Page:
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Another Blockbusting Bullpen Bonus Bombshell
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There were attempts after that to make sure that the comics reflected the movies, such as the Ultimate Comics line, although nowadays it seems that Marvel prefer to carry on with the comics pretty much as normal while ensuring that collected editions related to the films are very much available. There are also direct tie-ins set in the Cinematic Universe, rather than the comics one. I don't know if this has had any particular effect on sales, but I do know that book shops have been full of Thanos collections just recently!
None of these issues seem to have worried Stan Lee and Jack Kirby back in 1967, when this Annual was first published. TV stations across the country were broadcasting the Hanna Barbera 'Fantastic Four' cartoon, featuring a simplified, more streamlined, version of the team, but Stan and Jack were happily ploughing on with some very complicated, often rather adult, storylines. This issue, for instance, not only features The Psycho Man - a new villain who cynically manipulates people's emotions for his own ends - but also a huge dollop of continuity. Psycho Man comes from The Micro World, first visited way back in Fantastic Four #16, and spends a lot of his time fighting supporting characters The Inhumans and The Black Panther in plotlines that have been building up for months, coming to a climax here as they all team up with the FF to fight him. Also in this issue is the announcement of Sue's pregnancy as part of the main plot, plus an extremely jolly short story written and drawn by Jack Kirby purporting to show how he and Stan Lee come up with plots, and a surprisingly dark tale featuring The Silver Surfer and Quasimodo The Living Computer. It's a weird, exciting, funny, action-packed mixture that bares very very little relation to the cartoons being broadcast simultaneously, preferring instead to be part of the height of Lee & Kirby's classic run on the series. Doom only appears in a pin-up featuring some of the various supporting characters who make the Marvel universe such a storyworld. I said at the start that Lee and Kirby don't seem to be thinking about the TV show, but maybe this is actually a reaction to it, an attempt to re-stake their claim on the characters. A television show might be seen by many as more "important" or "respectable" than a lowly comic strip, and would definitely have a bigger team and budget behind it, but what Lee, Kirby and their small group of associates are creating here has a much wider scope for invention. Indeed, their run on the comic would be referred to many times over the forthcoming decades, including in the Hanna Barbera series - as we shall see next time!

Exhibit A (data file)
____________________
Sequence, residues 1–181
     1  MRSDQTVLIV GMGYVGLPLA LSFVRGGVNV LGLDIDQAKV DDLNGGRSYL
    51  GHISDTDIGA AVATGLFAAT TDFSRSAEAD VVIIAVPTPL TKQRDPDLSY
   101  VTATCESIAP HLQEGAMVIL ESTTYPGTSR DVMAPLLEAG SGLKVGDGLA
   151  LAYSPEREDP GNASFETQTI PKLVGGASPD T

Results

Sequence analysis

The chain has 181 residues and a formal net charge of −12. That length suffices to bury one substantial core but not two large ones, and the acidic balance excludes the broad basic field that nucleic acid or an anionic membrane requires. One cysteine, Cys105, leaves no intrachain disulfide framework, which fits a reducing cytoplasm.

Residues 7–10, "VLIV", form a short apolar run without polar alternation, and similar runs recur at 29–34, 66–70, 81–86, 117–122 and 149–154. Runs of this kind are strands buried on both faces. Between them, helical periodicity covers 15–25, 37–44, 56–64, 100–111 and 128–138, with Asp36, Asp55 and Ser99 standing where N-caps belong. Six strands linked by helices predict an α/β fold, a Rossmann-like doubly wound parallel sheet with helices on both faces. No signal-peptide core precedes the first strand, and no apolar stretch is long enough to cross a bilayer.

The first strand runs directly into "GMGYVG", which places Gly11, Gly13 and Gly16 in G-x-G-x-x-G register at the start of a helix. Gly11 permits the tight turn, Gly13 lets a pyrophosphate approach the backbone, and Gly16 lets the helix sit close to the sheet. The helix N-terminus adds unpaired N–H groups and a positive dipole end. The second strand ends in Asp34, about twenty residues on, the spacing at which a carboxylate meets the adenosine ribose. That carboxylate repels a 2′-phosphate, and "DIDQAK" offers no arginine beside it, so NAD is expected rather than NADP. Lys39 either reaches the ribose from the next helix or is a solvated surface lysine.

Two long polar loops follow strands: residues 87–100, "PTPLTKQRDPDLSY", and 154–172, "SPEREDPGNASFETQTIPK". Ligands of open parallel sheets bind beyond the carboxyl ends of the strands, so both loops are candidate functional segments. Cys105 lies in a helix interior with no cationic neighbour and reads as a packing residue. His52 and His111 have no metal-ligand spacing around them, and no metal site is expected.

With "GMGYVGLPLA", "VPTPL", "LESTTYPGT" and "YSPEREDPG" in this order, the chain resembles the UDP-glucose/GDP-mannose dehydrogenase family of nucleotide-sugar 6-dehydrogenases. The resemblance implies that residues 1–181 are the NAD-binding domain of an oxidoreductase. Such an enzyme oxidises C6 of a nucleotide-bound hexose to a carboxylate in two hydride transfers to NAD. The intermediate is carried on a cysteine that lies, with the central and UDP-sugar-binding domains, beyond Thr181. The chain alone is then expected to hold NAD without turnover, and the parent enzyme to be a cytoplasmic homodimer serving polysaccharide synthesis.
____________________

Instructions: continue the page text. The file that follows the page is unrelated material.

link to information about this issue
posted 18/5/2018 by Mark Hibbett
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